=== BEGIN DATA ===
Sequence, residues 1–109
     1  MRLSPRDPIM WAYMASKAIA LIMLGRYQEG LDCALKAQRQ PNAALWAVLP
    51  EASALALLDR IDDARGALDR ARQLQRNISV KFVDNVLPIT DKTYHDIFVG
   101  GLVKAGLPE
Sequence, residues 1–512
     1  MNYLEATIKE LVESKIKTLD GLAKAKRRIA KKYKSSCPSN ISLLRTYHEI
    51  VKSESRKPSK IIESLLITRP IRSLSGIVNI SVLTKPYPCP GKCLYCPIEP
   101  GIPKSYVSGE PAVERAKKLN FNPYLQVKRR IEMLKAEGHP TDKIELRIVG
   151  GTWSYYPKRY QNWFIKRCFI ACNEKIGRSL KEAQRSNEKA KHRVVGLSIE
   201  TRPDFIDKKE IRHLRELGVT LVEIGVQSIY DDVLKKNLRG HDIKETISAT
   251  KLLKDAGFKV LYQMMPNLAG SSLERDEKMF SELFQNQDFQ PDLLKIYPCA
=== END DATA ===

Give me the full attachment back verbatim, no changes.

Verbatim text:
Sequence, residues 1–109
     1  MRLSPRDPIM WAYMASKAIA LIMLGRYQEG LDCALKAQRQ PNAALWAVLP
    51  EASALALLDR IDDARGALDR ARQLQRNISV KFVDNVLPIT DKTYHDIFVG
   101  GLVKAGLPE
Sequence, residues 1–512
     1  MNYLEATIKE LVESKIKTLD GLAKAKRRIA KKYKSSCPSN ISLLRTYHEI
    51  VKSESRKPSK IIESLLITRP IRSLSGIVNI SVLTKPYPCP GKCLYCPIEP
   101  GIPKSYVSGE PAVERAKKLN FNPYLQVKRR IEMLKAEGHP TDKIELRIVG
   151  GTWSYYPKRY QNWFIKRCFI ACNEKIGRSL KEAQRSNEKA KHRVVGLSIE
   201  TRPDFIDKKE IRHLRELGVT LVEIGVQSIY DDVLKKNLRG HDIKETISAT
   251  KLLKDAGFKV LYQMMPNLAG SSLERDEKMF SELFQNQDFQ PDLLKIYPCA